Since the Easter season is a time for celebrating the infinite mercy God has shown through His redemption of man from the eternal consequences of sin, now is an appropriate time to reflect on the interaction between God’s mercy and His justice. The purpose of this article is to demonstrate some interactions between divine mercy and justice and promote personal reflection that may be profitable in the spiritual life.

Mercy and justice are part of the one, simple, and indivisible divine nature.  Therefore, the divine attributes of mercy and justice are not in opposition because they are one and the same in God. When God’s actions are viewed from various human points of view, distinctness appears and this motivates man to enumerate divine attributes and speak of them individually. Since mercy and justice in God are infinite, neither limits the other. (Denzinger 1782) Both are perfectly expressed without encroaching on the other. Therefore, when man observes a divine act that appears as merciful, it is also just, and when man observes a divine act that appears to be just, it is also merciful. (Summa Theologiae I, 21, 4, ad 1)

Pope John Paul II teaches in his encyclical letter Dives in Misericordia that the font of mercy and justice is love. (DM 8) Since God is love (1 John 4:8), God’s self-expression contains mercy and justice. Divine mercy seeks to remove the tribulations of man, especially the tribulations of sin. Divine justice gives what is due to each person. (Ludwig Ott, Fundamentals of Catholic Dogma, §27) The mystery of divine mercy and justice, when viewed from the perspective of human sin, is God’s simultaneous giving to and removal from man what is due because of sin.

This mystery is perfectly manifested in the passion, death, and resurrection of Jesus Christ. While God’s justice required atonement for man’s sin, God’s mercy moved Him to provide it Himself rather than insist that man do what is impossible for man to do alone. Simultaneously, justice required atonement and mercy provided the means for atonement. This interplay between mercy and justice is omnipresent throughout the entire Christian life. Consider these following points:

  1. Jesus Christ is the perfect manifestation of the harmony between God’s mercy and justice.  Through God’s mercy, Jesus saved mankind from the just eternal consequences of sin by becoming the only suitable expiation for man’s sin.

  2. After the grace of baptism, every additional sin is met by God’s mercy and justice. Through divine mercy, eternal consequences of sin are forgiven and communion with God and the Church are repaired. Through divine justice, temporal punishment remains. This justice requires that all sin is punished. (ST I-II, 87, 1) However, justice is not an act of vengeance but a consequence that is part of the very nature of the sinful act itself. (Catechism of the Catholic Church 1472) Sin causes inordinate attachment to earthly creation and punishment seeks to mercifully purge this stumbling block to holiness.

  3. In God’s mercy, God ensures that this punishment (the purification of purgatory) leads to the holiness that is necessary to enter heaven. (ST III, 69, 2) In fact, the Catechism of the Catholic Church teaches that temporal punishment should be viewed as a grace. (CCC 1473) Since grace is a gift from God, God’s justice is a gift to mankind.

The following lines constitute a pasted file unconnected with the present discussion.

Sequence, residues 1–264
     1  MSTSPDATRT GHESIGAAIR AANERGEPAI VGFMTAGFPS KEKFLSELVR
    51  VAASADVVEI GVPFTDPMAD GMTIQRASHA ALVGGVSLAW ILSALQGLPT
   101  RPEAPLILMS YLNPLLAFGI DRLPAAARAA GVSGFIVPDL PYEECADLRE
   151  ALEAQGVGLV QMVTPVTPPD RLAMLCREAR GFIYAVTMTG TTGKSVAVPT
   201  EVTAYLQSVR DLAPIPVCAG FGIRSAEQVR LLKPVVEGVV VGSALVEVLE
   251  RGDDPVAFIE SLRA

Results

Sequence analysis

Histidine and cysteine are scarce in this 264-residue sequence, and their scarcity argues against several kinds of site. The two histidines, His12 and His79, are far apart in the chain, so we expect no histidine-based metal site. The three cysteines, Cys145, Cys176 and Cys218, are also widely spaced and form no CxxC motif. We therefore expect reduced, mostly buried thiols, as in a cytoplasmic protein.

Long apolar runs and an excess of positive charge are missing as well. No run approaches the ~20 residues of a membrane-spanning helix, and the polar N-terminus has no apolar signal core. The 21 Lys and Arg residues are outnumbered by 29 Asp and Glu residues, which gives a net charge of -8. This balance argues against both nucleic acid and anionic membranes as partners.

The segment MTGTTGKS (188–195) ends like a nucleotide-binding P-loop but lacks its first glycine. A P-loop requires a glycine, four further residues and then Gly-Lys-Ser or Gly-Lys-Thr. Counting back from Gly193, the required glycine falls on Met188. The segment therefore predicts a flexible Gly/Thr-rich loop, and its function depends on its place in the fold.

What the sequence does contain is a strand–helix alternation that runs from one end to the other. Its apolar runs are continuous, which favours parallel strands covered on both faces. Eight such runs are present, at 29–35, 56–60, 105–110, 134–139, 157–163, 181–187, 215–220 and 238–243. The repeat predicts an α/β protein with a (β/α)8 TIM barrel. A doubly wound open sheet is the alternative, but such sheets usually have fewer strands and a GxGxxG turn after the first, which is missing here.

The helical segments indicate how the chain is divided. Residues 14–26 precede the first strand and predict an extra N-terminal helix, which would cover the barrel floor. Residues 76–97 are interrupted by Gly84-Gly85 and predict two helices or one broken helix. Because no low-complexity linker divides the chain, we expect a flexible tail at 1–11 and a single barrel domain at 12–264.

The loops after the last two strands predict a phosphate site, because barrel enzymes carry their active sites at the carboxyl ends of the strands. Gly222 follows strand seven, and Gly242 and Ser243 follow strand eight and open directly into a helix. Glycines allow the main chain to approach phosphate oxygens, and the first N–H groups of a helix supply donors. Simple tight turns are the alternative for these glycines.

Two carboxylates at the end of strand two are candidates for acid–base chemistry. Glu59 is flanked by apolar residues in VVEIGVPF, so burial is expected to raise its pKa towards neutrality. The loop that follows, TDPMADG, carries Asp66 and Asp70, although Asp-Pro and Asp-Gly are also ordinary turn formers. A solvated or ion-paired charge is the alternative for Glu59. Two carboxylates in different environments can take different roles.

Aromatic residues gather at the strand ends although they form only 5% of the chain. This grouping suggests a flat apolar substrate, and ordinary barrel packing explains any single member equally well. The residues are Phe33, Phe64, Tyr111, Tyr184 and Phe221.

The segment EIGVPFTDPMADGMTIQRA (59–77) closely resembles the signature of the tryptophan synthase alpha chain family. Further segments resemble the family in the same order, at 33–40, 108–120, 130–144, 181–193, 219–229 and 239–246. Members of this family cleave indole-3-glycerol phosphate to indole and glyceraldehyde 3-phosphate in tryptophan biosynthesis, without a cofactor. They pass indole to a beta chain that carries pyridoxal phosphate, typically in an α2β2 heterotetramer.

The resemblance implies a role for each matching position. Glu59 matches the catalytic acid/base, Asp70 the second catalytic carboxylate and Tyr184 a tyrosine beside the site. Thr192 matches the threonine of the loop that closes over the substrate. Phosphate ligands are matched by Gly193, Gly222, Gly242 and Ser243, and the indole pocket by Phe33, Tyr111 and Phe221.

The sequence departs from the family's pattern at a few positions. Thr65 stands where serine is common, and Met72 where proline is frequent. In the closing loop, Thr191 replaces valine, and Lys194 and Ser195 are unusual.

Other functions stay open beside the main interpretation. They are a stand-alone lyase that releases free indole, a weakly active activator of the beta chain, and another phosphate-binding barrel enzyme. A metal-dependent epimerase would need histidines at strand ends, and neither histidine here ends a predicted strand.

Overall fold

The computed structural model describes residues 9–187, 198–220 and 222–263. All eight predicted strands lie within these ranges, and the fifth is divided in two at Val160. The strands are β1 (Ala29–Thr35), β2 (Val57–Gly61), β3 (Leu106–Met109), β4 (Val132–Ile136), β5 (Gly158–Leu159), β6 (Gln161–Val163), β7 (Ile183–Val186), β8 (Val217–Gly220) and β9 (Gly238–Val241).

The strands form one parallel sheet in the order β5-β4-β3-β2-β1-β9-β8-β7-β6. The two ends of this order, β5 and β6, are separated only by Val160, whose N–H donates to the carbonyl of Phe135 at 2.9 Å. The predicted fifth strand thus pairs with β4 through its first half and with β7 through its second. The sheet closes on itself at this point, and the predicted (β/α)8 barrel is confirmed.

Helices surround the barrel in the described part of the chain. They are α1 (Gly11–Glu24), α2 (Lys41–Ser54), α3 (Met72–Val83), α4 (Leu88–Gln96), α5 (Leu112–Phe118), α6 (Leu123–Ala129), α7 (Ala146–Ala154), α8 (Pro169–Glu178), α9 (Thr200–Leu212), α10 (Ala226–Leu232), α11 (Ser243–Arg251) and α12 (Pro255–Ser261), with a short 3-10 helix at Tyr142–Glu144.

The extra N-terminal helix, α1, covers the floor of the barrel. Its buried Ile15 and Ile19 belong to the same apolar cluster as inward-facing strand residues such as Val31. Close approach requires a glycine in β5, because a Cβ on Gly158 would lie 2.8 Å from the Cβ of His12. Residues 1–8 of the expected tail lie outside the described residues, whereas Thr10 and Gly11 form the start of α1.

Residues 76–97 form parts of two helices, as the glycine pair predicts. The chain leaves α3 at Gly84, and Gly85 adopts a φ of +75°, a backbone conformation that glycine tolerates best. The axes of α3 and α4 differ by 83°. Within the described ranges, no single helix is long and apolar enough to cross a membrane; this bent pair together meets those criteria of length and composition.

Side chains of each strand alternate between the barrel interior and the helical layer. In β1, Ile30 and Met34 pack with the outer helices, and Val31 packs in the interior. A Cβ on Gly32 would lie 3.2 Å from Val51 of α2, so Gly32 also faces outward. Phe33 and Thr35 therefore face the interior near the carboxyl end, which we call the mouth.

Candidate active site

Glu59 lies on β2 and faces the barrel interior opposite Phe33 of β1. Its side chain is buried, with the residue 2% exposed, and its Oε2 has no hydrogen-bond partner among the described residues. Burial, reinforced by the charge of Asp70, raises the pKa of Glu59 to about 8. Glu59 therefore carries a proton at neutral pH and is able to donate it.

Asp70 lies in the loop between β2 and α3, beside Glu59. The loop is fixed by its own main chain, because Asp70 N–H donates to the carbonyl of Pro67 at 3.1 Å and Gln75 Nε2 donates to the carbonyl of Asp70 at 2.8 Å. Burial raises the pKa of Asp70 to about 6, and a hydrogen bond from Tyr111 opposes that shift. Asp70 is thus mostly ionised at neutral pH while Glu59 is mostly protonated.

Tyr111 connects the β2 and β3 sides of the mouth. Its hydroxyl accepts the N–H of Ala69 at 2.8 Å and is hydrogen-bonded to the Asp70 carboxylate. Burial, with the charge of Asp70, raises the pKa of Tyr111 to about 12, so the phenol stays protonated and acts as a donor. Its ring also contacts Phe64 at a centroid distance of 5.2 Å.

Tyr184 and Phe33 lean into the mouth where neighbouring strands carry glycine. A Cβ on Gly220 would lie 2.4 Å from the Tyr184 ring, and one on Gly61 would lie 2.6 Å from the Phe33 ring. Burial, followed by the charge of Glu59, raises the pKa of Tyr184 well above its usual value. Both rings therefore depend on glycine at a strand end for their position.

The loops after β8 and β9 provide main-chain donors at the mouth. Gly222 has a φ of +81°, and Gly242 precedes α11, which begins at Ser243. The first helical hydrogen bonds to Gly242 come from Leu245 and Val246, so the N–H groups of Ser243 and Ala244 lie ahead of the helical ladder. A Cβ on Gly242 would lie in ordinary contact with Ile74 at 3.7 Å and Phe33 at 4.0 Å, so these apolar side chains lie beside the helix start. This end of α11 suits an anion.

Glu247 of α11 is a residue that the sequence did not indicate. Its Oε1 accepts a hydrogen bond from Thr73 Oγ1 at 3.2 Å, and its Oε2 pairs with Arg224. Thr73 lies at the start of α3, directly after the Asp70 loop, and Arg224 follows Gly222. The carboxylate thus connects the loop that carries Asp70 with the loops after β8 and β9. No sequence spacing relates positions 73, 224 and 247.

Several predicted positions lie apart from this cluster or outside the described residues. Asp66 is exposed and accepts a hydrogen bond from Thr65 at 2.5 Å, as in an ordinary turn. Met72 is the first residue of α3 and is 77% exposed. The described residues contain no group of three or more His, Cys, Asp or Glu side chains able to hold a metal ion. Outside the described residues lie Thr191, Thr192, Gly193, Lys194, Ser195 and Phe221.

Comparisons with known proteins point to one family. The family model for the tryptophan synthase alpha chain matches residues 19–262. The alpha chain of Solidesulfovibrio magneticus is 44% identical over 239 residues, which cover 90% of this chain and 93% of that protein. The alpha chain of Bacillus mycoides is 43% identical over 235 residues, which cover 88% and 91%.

4. Furthermore, this just and merciful punishment can be accomplished on earth, mercifully avoiding the pains of purgatory. (CCC 1472) Reception of the Eucharist can remit temporal punishment due to sin proportionate to the love of the receiver of the sacrament. (ST III, 79, 5) Acts of charity, mercy, prayer and penance can also remit temporal punishment due to sin. (CCC 1471, 1473) However, this opportunity requires that the person take ownership and responsibility for his sins now and seek the fulfillment of divine justice through conversion of life.

Augustine, speaking about the opportunity for man to take advantage of the gift of satisfying divine justice on earth, exhorted:

Sin cannot go unpunished; it is not seemly for it to go unpunished, it’s not proper, it’s not fair. So then, because sin ought not to go unpunished, let it be punished by you, or you will be punished by him [God]. Let your sin have you as its judge, not as its defending counsel…Your sin is punished either by yourself or by God; if by you, then on its own without you, but if by God, then it is punished together with you. Let it have you as its punisher then, in order that you may have God as your defender. (Augustine, Sermon 20, 2, New City Press, page 16)

Augustine warns that the merciful opportunity to accuse ourselves now and undergo temporal punishment now is the better option. Delay will only yield a punishment greater than what is necessary presently.  In other words: converting your life now is less painful than waiting for the purification of purgatory. Besides, neglecting the acts of charity that are part of conversion jeopardizes the possibility that purgatory will even be achieved.

In conclusion, the divine mercy that brought Easter has also enabled divine justice to be accomplished now. There is no reason to delay satisfaction of temporal punishment and conversion of life. Seek out indulgences; be liberal with acts of charity, prayer, and penance. Embracing divine justice now leads to the ultimate gift of divine mercy—eternity in heaven.

The opinions expressed by the DPS blog authors and those providing comments are theirs alone; they are not necessarily the expressions or beliefs of either the Dead Philosophers Society or Holy Apostles College & Seminary.